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How to Help Loved Ones Deal with Alcohol Withdrawal Anxiety

Alcohol withdrawal anxiety is a common symptom of many people who are trying to quit drinking. In fact, this is one of the things that can make a person go back to drinking. The person is going to feel as though their entire life is spinning out of control. They may be a bit more on edge, and overtime they are going to feel as though they need a drink in order to keep on living. For those who are dealing with a loved one who is suffering from alcohol withdrawal anxiety, they are going to find that they can help the person through this.

Helping a loved one is a bit easier for those who understand general anxiety. When a person is anxious the slightest little thing can make them feel as though they have no control over their lives. Thus, it is imperative that you ensure the loved one is not getting bogged down by unneeded stress. This can be difficult, especially for those who are used to sharing responsibilities with a loved one. But, remember that the more you help them through this phase, the less time they will spend dealing with the anxiety. It may be a bit harder on you, but the person whom you are helping is going to greatly appreciate your efforts. Before long, the person will be back to normal, but they do have to overcome the anxiety they are feeling.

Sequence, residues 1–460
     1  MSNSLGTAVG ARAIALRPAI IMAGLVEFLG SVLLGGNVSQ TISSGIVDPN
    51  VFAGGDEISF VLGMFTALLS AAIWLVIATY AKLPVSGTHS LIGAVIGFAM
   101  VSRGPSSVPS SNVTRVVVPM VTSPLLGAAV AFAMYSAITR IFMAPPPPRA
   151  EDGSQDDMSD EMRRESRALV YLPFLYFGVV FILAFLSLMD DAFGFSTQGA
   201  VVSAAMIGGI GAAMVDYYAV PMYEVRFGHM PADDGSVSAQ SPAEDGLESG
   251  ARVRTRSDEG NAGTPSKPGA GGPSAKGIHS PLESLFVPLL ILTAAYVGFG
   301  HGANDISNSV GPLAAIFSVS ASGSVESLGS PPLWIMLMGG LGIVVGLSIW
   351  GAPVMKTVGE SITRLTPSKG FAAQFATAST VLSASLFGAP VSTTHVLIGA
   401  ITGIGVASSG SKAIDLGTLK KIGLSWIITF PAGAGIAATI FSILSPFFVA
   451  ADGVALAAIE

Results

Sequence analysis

In addition, if you find that your loved one is not getting any better with the anxiety, you should then encourage them to speak to a professional. Simple therapy sessions in which they voice their concerns can be helpful to the person and allow them to learn ways in which they can deal with this anxiety on their own. Many therapists will suggest that the alcoholic learn to cope with the anxiety through breathing exercises or physical exercise in order to eliminate the fears they are having. It is vital that the person not turn back to drinking as this is going to make it harder for the person to quit drinking later down the line. Once a person has made the decision to stop, it is best to stick with this, even though the anxiety that they may be feeling which can make them think they have to have a drink. The most valuable thing you can do for a loved one is to be there to support them through this process. It is difficult for you, but you cannot begin to imagine what the person is feeling day in and day out.